High Court penalizes another judge-A A +A
Thursday, October 11, 2012
THE Supreme Court (SC) penalized a Regional Trial Court (RTC) judge from Cotabato City for delaying the resolution of a motion for inhibition filed by a complainant in one of the cases he handled.
In a 10-page decision promulgated on September 24, Associate Justice Diosdado Peralta found Judge Cader P. Indar, Al Haj. of RTC Branch 14 Branch 14 in Cotabato City guilty of undue delay in rendering an order and conduct unbecoming of a judge.
The SC imposed a fine of P20,000 on Indar that will be deducted from his leave credits.
The ruling stemmed from an administrative complaint filed by a certain Lucia Magtibay, through her counsel, lawyer Frumencio Pulgar, against Indar in relation to Special Proceedings No. 2004-074 titled d In Re: Matter of Insolvencia Voluntaria De Olarte Hermanos y Cia, Heirs of the Late Jose P. Olarte, et al.
The SC decision, posted on its official website, read that Indar denied giving a copy of the records of the case to the complainant, along with her daughter, for allegedly possessing no legal personality to acquire the documents.
The complainant claimed that the judge even told them that "Huwag mo ng ituloy ang sasabihin mo, kumukulo ang dugo sa inyo lumayas na kayo marami akong problema."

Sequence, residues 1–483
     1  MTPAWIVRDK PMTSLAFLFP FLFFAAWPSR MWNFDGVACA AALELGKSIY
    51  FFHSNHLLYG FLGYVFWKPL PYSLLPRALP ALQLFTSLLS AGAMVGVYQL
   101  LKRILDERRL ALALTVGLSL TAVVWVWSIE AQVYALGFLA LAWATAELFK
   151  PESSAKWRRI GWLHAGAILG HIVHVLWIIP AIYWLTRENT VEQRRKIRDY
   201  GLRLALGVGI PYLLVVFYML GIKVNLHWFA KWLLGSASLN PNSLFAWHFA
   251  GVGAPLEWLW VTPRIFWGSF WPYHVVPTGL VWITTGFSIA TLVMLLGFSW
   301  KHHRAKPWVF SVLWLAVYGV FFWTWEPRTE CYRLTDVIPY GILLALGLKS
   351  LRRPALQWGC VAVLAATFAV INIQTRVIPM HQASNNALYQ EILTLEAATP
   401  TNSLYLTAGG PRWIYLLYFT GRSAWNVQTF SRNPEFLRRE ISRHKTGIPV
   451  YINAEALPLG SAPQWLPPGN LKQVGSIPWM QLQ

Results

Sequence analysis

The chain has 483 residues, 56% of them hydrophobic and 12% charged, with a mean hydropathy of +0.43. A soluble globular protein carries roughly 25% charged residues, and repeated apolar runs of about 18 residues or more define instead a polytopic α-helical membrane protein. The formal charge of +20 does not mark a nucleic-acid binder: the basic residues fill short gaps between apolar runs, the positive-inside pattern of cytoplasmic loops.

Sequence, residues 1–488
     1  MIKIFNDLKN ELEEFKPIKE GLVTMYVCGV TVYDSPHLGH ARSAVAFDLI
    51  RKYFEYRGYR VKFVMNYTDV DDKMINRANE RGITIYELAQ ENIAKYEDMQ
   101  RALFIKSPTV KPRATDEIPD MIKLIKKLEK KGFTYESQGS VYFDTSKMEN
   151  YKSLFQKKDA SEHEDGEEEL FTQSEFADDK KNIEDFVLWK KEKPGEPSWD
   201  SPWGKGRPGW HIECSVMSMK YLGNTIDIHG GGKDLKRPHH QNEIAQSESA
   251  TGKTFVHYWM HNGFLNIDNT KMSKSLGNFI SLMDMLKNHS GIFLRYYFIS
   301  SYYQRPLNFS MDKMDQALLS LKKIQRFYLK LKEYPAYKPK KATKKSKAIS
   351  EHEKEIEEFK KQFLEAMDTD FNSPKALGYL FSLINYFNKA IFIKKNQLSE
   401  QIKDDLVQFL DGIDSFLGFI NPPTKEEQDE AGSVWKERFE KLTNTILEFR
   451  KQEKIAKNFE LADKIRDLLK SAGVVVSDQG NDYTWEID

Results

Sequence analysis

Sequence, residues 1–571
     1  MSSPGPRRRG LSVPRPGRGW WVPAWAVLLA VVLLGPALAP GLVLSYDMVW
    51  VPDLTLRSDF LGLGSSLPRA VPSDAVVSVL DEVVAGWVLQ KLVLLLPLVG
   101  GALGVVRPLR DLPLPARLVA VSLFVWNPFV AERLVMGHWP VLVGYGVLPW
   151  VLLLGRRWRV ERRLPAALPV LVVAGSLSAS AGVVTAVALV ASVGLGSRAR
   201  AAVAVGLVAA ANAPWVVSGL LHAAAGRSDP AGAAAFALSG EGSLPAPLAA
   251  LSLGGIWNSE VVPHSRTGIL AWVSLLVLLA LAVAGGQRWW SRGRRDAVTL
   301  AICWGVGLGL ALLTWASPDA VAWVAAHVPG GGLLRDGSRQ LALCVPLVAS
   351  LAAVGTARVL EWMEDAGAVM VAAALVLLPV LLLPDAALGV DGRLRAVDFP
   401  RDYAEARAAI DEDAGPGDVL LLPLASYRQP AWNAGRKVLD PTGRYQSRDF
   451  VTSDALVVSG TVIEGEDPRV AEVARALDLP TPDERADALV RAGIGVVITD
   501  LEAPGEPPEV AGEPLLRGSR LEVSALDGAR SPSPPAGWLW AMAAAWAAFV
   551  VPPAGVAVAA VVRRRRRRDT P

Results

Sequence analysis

Thus, the administrative complaint.
Before that incident, the decision read that the judge denied their application for writ of injunction filed after their former attorney-in-fact allegedly benefited from the compensation from the DPWH for the road right-of-way.
It read that they filed for a motion for inhibition for Indar but was left unresolved.
The SC, in its ruling, said the grant or denial of a writ of preliminary injunction is on the discretion of the court.
However, the SC found Indar liable of not resolving the motion to dismiss and motion for inhibition.
"Even assuming that respondent judge did not find the motion to be meritorious, he could have simply acted on the said motions and indicated the supposed defects in his resolutions instead of just leaving them unresolved," the SC ruled.
The SC added that: "a judge's delay in resolving, within the prescribed period, pending motions and incidents constitutes a violation of Rule 3.05 of the Code of Judicial Conduct requiring judges to dispose of court business promptly.”
The decision was concurred by Associate justices Presbitero J. Velasco Jr., Lucas P. Bersamin, Jose Catral Mendoza and Estela M. Perlas-Bernabe.
Published in the Sun.Star Davao newspaper on October 12, 2012.